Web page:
Do I just need to make a field for account type in my user account table? In a technical way, if(account type = admin) then the account would log as admin; otherwise, a user with less privileges.

Edited 5 Years Ago by AngelicOne: n/a

Without know the rest I can't say for sure, but usually the way to go is to have a "Permissions" table.
With the permissions table you can add a row for each user which the permissions set that you require. So you could add a field for "Read Access", "Write Access", "Administrator", "Can Control Toaster" etc.

Then if a normal user logs in, a different main menu would show to the user with few privileges.

It's however you want. If you aren't being told what is available and you have free reign to do what you want, then you can go as far as you want to with it. You can have a field for "IsAdmin" in your user table, or you can have a permissions table, you can do anything.

I would always opt for a permissions table. It's just more expandable.

Could you please site an example for a permission table to be more expandable than a field "isAdmin"

Well you'd have a table with a user id, this would link it to your user table. You would then create fields for each permission you want to give. When you read that information back into the program, you decide what you want each permission field to represent in your program.

I can't really make it any more simple than that.

What if the permission for all non-admin are the same? Do I still need to make a permission table?

Short Answer:
Yes, you need a row for every user account on your system.

Long Answer:
Not necessarily. If you choose, you can assign a standard set of permissions to each user by using a permissions link table.
This link table contains the user id and a permissions id. You can then assign a single permission set to multiple users.

eg.
User Table = User ID, Username, Password
Permission Table = Permission ID, IsAdmin, CanMakeCoffee, CanMakeToast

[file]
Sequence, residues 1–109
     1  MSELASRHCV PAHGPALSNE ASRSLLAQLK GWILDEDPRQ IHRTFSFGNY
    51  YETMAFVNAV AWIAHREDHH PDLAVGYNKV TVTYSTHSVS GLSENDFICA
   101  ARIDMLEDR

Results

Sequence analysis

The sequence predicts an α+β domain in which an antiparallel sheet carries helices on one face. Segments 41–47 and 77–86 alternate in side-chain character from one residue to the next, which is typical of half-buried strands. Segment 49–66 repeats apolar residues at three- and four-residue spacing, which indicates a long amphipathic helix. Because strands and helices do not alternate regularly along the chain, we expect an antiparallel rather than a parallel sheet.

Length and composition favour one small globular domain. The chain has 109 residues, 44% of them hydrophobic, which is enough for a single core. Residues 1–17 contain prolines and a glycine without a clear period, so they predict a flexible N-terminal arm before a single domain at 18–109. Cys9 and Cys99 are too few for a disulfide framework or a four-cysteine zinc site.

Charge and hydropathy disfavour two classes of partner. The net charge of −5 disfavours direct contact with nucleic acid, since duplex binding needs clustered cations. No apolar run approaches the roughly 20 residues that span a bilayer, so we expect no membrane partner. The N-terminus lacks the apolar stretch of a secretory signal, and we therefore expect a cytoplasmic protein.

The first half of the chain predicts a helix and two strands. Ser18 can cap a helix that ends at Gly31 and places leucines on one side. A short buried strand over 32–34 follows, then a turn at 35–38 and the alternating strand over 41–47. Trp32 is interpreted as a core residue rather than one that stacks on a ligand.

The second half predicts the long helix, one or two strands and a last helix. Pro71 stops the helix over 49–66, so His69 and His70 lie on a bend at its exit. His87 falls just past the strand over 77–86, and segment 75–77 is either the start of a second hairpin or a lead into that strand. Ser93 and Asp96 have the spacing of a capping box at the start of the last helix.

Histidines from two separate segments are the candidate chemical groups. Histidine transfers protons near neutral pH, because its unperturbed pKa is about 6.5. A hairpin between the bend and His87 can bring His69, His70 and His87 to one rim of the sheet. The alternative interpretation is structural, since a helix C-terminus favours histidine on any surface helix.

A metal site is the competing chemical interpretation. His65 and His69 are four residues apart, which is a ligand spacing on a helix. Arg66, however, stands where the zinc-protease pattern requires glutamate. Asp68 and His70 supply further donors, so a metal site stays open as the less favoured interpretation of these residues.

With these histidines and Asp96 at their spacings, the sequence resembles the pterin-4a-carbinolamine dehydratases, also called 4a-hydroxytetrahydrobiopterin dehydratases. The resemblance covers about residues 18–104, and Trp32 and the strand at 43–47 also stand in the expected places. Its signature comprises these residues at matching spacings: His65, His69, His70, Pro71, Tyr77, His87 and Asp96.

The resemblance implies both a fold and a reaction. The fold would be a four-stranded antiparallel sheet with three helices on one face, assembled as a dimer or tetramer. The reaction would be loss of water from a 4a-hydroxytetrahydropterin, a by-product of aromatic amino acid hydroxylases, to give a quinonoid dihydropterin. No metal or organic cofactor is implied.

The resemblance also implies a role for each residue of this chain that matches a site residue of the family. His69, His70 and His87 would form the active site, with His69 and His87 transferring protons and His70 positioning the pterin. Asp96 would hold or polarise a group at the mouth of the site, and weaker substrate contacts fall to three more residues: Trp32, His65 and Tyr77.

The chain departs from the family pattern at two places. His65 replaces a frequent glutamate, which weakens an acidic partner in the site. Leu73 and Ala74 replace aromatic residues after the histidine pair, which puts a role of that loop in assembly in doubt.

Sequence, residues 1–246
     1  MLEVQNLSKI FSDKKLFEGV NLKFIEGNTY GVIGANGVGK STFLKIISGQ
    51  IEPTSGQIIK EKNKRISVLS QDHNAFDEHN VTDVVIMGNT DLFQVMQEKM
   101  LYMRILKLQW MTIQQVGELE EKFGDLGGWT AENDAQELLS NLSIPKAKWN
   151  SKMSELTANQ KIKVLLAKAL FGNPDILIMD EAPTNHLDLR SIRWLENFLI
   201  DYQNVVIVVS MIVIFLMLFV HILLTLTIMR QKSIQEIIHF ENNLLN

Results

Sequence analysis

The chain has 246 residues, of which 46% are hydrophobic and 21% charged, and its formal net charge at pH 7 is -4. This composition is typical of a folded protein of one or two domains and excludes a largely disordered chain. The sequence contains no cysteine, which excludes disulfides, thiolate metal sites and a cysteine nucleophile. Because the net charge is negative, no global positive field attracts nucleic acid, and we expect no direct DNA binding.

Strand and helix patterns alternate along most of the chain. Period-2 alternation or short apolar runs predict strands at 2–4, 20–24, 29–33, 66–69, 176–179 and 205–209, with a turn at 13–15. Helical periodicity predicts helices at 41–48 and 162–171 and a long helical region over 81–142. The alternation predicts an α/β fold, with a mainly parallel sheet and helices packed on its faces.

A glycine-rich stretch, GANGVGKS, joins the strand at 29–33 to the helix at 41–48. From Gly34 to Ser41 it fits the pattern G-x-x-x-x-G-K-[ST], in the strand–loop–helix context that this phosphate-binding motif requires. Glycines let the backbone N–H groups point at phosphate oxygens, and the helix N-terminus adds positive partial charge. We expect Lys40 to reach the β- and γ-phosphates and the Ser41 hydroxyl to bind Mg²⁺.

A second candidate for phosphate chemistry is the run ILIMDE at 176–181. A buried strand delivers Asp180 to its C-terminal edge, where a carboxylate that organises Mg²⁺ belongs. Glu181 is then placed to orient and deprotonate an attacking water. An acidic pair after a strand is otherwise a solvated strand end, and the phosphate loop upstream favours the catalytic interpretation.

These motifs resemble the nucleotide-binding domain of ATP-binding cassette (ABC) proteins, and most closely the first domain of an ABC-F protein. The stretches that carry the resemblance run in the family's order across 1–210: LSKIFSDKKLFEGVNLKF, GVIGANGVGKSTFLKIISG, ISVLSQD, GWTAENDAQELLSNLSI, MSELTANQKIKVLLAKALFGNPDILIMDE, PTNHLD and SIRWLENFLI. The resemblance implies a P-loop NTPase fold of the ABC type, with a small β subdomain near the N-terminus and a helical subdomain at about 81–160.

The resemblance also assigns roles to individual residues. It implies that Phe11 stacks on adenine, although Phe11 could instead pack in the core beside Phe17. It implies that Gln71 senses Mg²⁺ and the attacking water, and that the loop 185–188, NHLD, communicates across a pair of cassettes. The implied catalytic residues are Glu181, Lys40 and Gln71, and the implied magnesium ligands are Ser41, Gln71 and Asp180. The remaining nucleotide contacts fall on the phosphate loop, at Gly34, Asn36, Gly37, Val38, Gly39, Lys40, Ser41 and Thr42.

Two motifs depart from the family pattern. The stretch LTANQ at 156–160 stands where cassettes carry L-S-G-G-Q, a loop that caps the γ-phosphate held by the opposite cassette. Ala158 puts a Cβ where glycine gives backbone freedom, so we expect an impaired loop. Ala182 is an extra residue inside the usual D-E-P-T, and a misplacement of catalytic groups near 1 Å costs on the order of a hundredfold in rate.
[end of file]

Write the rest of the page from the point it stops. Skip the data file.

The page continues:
UserPermission Table = UserPermission ID, User ID, Permission ID

If I make a permission set of:
Permission ID = 1, IsAdmin = 0, CanMakeCoffee = 1, CanMakeToast = 0
Permission ID = 2, IsAdmin = 1, CanMakeCoffee = 1, CanMakeToast = 1
Permission ID = 3, IsAdmin = 0, CanMakeCoffee = 0, CanMakeToast = 0

I can use those with my following users:
User ID = 1, Username = Tom, Password = 1234
User ID = 2, Username = Richard, Password = 5678
User ID = 3, Username = Harry, Password = 9012
User ID = 4, Username = Admin, Password = ahAHJhjkDsAh^&7

So I make a UserPermission table with the following rows:
UserPermission ID = 1, User ID = 1, Permission ID = 1
UserPermission ID = 2, User ID = 2, Permission ID = 3
UserPermission ID = 3, User ID = 3, Permission ID = 1
UserPermission ID = 4, User ID = 4, Permission ID = 2


This means:
Tom can Make Coffee, but cannot make toast and is not an admin.
Richard is not an admin, cannot make coffee and cannot make toast.
Harry is not an admin, cannot make toast but can make coffee.
Admin is an admin and can make both coffee and toast.

Hope this helps

Edited 5 Years Ago by Ketsuekiame: n/a

I understand it very well. In a more technical way, how could a form determine what objects should be disabled? Making copies of a form, i think, is a bad approach.

I have done this

create table tblUser (userID int identity(1,1) primary key, lastName nvarchar(50), firstName nvarchar(50), position nvarchar(50), gender char(1), "address" nvarchar(100), nationality nvarchar(100), country nvarchar(100), contactNumber nvarchar(50), username nvarchar(20), "password" nvarchar(20))
create table tblPermission (permissionID int identity(1,1) primary key, isAdmin char(1), canAddVisitor char(1), canEditVisitor char(1), canDeleteVisitor char(1), canSearchVisitor char(1), canAddUserAccount char(1), canEditUserAccount char(1), canDeleteUserAccount char(1), canSearchUserAccount char(1))
create table tblUserPermission (userPermissionID int i,dentity(1,1), userID int, permissionID int)

Edited 5 Years Ago by AngelicOne: n/a

This is what you have to decide for yourself. Based on your permission set, you should enable or disable certain controls.

So maybe using my example, your form has a CanMakeCoffee(Boolean isAllowed) Inside are all the controls represented for coffee making. You would enable/disable all the controls in this section based on the isAllowed variable.

This isn't the best way but it is quicker.

The correct way, would be to decide which controls are represented by each permission. So for example, making toast and coffee require electricity. So if you have a "Turn on power" button, this is required for both coffee and toast makers. If both permissions are disabled, you disable the button (or hide it, whichever). If one OR the other is allowed, then you enable (or show) the button.

Edited 5 Years Ago by Ketsuekiame: n/a

Comments
good and clear explanation

Just for confirmation, when a linker table is present, do I still need to call a field as foreign key?

It depends on what you're using. For "proper" database set-up, each reference to another table should have a foreign key assigned to it.

Am I the one who will provide the data for tblPermission or the application when a user has been created?

When you create the user, you should assign the user permissions. But the great thing about this is, you can change the permissions at any point by altering the database. The next time they log in, the new permissions will be installed. =)

This article has been dead for over six months. Start a new discussion instead.